"At Thy word" — here is the cause of causes, the beginning of the creation of God. "By the word of the Lord were the heavens made," and by that word was the present constitution of this round world settled as it stands. When the earth was fruitless and dark, Thy voice, O Lord, was heard, saying, "Let there be light," and "at Thy word" light leaped forth. " At Thy word" day and night took up their places, and "at Thy word" the waters were divided from the waters by the firmament of heaven. "At Thy word" the dry land appeared, and the seas retired to their channels. "At Thy word" the globe was mantled over with green, and vegetable life began. "At Thy word" appeared the sun and moon and stars, "for signs, and for seasons, and for days, and years." "At Thy word" the living creatures filled the sea, and air, and land, and man at last appeared. Of all this we are well assured, for by faith we know that the worlds were framed by the word of God. Nor is it in creation alone that the word of the Lord is supreme, but in providence, too, its majestic power is manifested, for "the Lord upholdeth all things by the word of His power." Snow and vapour and stormy wind are all fulfilling His word. His word runneth very swiftly. When frost binds up the life-floods of the year, the Lord sendeth forth His word and melteth them. Nature abides and moves by the word of the Lord. So, too, all matters of fact and history are beneath the supreme word. Jehovah stands the centre of all things, as Lord of all He abides at the saluting-point, and all the events of the ages come marching by at His word, bowing to His sovereign will. "At Thy word," O God, kingdoms arise and empires flourish; "at Thy word" races of men become dominant, and tread down their fellows; "at Thy word" dynasties die, kingdoms crumble, mighty cities become a wilderness, and armies of men melt away like the hoar frost of the morning. Despite the sin of men and the rage of devils, there is a sublime sense in which all things from the beginning, since Adam crossed the threshold of Eden even until now, have happened according to the purpose and will of the Lord of hosts. Prophecy utters her oracles, and history writes her pages, "at Thy word," O Lord.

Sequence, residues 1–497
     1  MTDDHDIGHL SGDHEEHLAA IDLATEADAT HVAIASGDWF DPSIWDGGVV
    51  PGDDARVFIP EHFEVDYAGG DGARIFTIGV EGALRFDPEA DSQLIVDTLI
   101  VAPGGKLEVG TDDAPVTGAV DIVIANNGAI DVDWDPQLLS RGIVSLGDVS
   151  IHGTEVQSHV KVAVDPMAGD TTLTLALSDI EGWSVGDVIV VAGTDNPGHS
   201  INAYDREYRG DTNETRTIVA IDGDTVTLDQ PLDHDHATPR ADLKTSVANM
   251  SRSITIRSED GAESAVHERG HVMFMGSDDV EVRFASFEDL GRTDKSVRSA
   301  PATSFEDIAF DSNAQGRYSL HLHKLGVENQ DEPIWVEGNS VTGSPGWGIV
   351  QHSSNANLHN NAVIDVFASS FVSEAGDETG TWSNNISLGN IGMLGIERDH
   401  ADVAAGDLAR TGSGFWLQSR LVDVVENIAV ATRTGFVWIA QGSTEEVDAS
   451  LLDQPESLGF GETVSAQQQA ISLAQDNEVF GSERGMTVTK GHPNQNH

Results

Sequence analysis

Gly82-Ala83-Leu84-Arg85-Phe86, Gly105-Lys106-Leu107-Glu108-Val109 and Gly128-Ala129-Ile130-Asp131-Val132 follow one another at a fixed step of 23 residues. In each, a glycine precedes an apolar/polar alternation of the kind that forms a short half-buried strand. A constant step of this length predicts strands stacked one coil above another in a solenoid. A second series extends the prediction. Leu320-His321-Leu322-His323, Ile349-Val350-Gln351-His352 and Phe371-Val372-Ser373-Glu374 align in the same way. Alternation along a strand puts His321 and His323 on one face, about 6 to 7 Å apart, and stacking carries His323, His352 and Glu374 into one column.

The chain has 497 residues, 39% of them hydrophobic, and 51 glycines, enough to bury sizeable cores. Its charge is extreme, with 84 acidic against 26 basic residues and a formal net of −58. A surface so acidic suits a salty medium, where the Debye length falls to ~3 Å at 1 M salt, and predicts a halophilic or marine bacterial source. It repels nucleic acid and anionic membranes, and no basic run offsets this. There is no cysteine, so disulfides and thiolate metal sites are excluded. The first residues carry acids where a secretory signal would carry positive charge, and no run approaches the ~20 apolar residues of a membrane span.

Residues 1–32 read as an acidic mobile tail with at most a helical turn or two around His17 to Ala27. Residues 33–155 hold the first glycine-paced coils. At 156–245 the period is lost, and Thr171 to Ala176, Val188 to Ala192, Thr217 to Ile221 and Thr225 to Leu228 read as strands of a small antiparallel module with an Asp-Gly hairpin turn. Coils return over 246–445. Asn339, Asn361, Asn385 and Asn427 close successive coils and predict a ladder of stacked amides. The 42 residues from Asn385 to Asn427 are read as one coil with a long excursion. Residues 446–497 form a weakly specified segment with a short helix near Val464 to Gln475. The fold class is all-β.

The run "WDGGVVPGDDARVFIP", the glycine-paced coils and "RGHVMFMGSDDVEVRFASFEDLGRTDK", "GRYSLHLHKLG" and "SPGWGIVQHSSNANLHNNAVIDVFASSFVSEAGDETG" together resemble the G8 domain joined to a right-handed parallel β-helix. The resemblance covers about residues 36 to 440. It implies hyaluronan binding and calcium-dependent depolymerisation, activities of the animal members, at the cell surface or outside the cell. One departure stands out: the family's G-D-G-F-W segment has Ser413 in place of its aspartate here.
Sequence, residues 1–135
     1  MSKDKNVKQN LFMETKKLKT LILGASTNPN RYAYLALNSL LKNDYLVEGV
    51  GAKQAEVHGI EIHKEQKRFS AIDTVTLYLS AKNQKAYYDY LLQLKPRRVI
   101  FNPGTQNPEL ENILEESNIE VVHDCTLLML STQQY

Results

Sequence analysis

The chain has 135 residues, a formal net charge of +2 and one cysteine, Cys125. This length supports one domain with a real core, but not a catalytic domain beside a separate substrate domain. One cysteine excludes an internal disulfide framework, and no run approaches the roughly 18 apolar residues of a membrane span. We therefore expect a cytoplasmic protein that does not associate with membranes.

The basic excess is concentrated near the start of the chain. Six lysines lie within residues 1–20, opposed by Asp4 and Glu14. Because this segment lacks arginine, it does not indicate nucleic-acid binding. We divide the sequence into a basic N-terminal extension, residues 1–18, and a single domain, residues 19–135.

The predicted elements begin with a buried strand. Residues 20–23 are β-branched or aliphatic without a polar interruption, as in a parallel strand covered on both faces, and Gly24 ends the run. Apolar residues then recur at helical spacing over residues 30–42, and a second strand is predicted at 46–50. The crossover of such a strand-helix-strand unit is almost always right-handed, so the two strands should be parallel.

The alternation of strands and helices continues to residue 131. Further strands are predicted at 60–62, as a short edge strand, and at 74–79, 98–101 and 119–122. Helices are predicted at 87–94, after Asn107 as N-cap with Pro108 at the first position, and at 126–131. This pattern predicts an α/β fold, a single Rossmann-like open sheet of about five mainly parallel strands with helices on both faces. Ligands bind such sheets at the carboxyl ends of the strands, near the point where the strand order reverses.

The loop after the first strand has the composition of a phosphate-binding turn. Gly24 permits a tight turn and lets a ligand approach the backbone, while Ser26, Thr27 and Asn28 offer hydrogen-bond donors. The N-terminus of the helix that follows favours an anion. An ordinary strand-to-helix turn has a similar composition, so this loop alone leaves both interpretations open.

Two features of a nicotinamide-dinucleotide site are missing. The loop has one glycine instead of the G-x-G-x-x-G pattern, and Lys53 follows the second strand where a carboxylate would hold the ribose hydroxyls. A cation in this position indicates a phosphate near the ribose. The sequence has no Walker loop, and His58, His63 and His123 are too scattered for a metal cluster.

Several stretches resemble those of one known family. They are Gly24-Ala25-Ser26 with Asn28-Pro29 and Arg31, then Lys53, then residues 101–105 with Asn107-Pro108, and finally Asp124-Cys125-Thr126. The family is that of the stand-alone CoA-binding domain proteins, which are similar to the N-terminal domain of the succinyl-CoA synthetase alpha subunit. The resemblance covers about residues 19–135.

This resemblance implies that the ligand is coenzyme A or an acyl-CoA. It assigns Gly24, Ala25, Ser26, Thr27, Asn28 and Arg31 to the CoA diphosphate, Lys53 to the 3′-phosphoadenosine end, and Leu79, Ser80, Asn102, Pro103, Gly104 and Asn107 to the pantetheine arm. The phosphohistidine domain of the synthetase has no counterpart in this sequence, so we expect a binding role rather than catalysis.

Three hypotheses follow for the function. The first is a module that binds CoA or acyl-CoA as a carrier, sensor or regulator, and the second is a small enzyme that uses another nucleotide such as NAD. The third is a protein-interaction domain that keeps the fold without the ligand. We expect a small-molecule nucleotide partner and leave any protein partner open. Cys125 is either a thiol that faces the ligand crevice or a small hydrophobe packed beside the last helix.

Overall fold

(C. H. Spurgeon.)